Creating a Believable Science-Fiction Environment by Dellani Oakes

When introducing a new planet, the author needs to keep several things in mind:

What’s the scale?

Is it bigger than Earth?
Smaller than Mercury?

What is the climate like?

Temperature, rainfall, etc.
What sort of atmosphere has it got?
Will they need survival suits, oxygen, etc?
Is it a verdant, lovely place, hot and dry or cold and unrelenting?

How many moons or suns?

Distance from the sun?

Is it capable of sustaining human life?

Is it completely hostile to humans?

What is the indigenous population like?

Are they sentient?
Deadly?
Welcoming?
Ignorant of outer space?
Are they humanoid?
Do they look like giant cats, bugs or leeches?
What is their home environment?
Can they vocalize or are they telepathic?

How do your characters get from Point A to Point B?

What sort of vehicles are there?
Do they have to travel by horse (or planet’s equivalent)?
Must they walk?
Are there well maintained roads?
Do the vehicles need roads?
What’s the terrain like?

What is your level of technology? Not all futuristic worlds are the same. One need only watch TV shows or movies to see the vast differences in approach.

Is yours a post apocalyptic world (Resident Evil, Book of Eli,    Planet of the Apes)?
Are machines in charge (Terminator)?
Is it a more utopian society (Star Trek)?
Is it highly technical or more rustic (Firefly, Farscape)?
Are the characters at war (Battlestar Galactica)?

Social strata:

Is there slavery?
Are all inhabitants given equal rights?
How does the indigenous population regard humans?
Are there classes or casts? Is it possible to advance?
Is it a monarchy? Democracy? Dictatorship? Communist society? Anarchy? Religious fanatic? Autocracy? Something completely different and unique to them?

Not all of these characteristics need to be mentioned in your story to make it believable. The author must know what kind of environment the characters are in. How they react to their environment or how it acts upon them can make a huge difference in a story. Characters will not behave the same way in a jungle that they will in the frozen wasteland. If the space is confined, that makes a difference too.

Place rules and adhere to them. If you say the sky is purple, the grass is blue and water is pink, then don’t violate that later. If you’re going to get this off kilter, though, have a ready explanation for it. Some readers will question when the setting is too bizarre. Your readers must be willing to suspend their disbelief and embrace their new environment. Don’t make the mistake of creating a setting so odd that it makes the readers focus on that instead of the action.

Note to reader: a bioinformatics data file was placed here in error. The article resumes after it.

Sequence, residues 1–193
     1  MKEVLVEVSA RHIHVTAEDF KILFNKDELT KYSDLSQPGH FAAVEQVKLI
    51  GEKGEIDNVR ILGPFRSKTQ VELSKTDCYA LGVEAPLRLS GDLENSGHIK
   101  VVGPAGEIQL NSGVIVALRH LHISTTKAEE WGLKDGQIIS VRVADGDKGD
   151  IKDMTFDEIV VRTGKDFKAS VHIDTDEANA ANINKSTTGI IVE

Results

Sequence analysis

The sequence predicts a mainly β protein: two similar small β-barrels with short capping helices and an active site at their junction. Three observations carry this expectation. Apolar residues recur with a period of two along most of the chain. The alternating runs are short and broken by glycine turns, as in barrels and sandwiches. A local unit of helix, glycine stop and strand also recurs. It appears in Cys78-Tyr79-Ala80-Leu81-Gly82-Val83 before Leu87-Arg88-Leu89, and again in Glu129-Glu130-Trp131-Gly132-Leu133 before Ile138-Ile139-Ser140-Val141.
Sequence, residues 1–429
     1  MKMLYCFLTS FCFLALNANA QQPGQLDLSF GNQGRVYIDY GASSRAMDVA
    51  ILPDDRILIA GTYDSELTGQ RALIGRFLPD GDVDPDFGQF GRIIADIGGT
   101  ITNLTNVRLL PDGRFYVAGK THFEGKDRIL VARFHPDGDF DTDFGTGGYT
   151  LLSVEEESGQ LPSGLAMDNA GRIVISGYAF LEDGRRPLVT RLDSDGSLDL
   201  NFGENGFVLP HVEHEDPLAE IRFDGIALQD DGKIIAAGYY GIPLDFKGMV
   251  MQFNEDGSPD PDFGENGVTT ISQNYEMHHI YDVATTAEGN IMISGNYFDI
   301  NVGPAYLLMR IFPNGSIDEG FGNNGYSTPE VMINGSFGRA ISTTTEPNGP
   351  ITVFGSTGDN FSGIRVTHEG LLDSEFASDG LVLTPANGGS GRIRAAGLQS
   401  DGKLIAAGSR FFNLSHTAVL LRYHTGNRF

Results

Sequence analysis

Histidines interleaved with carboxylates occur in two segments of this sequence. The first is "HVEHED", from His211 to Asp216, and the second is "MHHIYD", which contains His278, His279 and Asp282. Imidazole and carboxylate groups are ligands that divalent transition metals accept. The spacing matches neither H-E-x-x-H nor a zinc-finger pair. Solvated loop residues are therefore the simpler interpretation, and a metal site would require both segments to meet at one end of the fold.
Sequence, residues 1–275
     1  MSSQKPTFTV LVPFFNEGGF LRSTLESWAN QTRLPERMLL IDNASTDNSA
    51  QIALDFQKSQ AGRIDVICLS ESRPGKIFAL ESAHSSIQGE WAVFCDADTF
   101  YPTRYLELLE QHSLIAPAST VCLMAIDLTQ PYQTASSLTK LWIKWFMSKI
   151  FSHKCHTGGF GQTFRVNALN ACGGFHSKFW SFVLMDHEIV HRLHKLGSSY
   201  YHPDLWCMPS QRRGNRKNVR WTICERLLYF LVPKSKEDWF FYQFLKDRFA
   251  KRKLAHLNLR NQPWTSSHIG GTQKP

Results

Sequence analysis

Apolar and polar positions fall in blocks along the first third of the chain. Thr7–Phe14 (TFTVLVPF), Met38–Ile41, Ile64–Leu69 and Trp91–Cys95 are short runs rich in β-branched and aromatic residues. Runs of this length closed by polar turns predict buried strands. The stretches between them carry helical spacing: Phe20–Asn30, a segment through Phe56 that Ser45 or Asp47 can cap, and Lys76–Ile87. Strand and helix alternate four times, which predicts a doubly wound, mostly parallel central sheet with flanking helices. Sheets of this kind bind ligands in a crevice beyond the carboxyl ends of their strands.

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This article is anthoNovel Writing Tips and Techniqueslogized in the Second Wind Publishing book: NOVEL WRITING TIPS AND TECHNIQUES FROM AUTHORS OF SECOND WIND PUBLISHING, which was the 100th book released by Second Wind.

“As someone who constantly evaluates novels for publication, I was astonished at the breadth and clarity of the wonderful advice contained in this handbook. It addresses concerns as grand as plot development and as simple but essential as formatting your submission. It offers crucial advice on literary topics ranging from character development to the description of action. Virtually every subject that is of great concern to publishers — and therefore to authors — is covered in this clear, humorous and enormously useful guide.” –Mike Simpson, Chief Editor of Second Wind Publishing

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(Dellani Oakes is the author of Lone Wolf and Shakazhan. Both science fiction novels are published by Second Wind Publishing).

1 Comment

Filed under Excerpts, How To, writing

One response to “Creating a Believable Science-Fiction Environment by Dellani Oakes

  1. Star Trek fans are well known for finding lapses or inconsistencies in storylines over the course of the various series and films. This alone tells me that if I were to write SciFi, I would have to be very careful about tracking the things on your list. To some extent, I think the readers are attracted to the authors’ worldbuilding–that’s probably one “high” they get out of the book. It’s unfair and confusing when we don’t take care with it and make sure its consistent and well planned. Nice list.

    Malcolm

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